Surgical steel is a popular choice for piercings because it’s affordable, durable, and safe for most. It does contain some nickel, but thanks to a low rate of transfer, your skin is unlikely to notice.
Just remember that not all steel jewelry is of the same quality. Only a few specific grades are biocompatible, meaning the jewelry won’t oxidize, tarnish or react with skin.

Everything you wanted to know about UV Lamps

The use of UV light as a curing technology has been around for a long time. In the last few years it has become more popular since the technology on the lamps and the materials side has greatly improved. Applications are now on sheetfed, web and wide format inkjet equipment. The major advantages of UV inks are:
1)    Press sheets are dry when they come off the press
2)    Higher throughput speed than Infra-Red drying
3)    No Volatile Organic Compounds released in the air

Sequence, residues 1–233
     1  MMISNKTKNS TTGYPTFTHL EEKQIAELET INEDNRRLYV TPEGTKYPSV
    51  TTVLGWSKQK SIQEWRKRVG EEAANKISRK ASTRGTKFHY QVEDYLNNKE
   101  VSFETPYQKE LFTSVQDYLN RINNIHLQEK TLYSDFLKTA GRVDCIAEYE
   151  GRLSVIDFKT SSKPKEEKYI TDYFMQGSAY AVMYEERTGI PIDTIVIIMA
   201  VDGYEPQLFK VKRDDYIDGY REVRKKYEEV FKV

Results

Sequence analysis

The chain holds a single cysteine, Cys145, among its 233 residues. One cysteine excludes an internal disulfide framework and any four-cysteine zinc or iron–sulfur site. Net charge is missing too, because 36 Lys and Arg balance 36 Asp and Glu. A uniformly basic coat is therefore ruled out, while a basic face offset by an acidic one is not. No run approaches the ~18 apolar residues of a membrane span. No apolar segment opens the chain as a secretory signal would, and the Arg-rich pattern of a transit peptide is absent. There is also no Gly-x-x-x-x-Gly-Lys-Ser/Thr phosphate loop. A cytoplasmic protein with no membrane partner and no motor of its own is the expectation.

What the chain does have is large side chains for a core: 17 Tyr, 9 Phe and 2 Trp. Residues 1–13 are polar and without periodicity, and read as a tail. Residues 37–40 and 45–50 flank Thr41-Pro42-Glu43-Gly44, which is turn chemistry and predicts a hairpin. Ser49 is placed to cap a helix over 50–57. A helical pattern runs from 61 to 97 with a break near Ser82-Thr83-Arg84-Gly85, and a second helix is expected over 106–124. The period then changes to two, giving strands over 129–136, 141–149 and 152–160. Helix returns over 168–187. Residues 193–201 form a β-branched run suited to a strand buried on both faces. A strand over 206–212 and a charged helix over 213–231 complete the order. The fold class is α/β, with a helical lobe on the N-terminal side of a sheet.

4)    Resist smudging and abrasion
5)    UV Coatings have a “wet look”
6)    Do not have solvents to penetrate uncoated stocks
Most printers buy UV power supply systems that may be supplied by the manufacturer of the equipment but made by someone else. Understanding how UV lamps work can improve their performance and save you money.
There are series power supply for different applications. Low-pressure UV lamps may be used for disinfecting purposes, curing nails and dental fillings, or water purification. The type of lamp used in printing applications is usually a medium pressure, linear (straight tubes), mercury vapor arc lamp. Medium pressure UV lamps cure inks and coatings instantly. It is a photochemical, not a heat process. It allows the equipment to run at very high speeds for extended periods.
General use light bulbs have a filament. The electricity causes the filament to glow, producing light. Medium pressure UV lamps do not have a filament. They utilize a high voltage charge to ionize a mercury/gas mixture in the lamp creating a plasma that emits UV light. This system requires a high voltage/amperage power supply (typically a magnetic ballast transformer with a high voltage capacitor bank). The ballast is wired in series with the lamp and performs two functions. Initially, the ballast provides a high voltage charge to ‘strike’ or ‘ionize’ the mercury. Then, once the mercury is ionized, the ballast reduces the voltage and amperage required to keep the mercury ionized and emit a stable stream of UV light.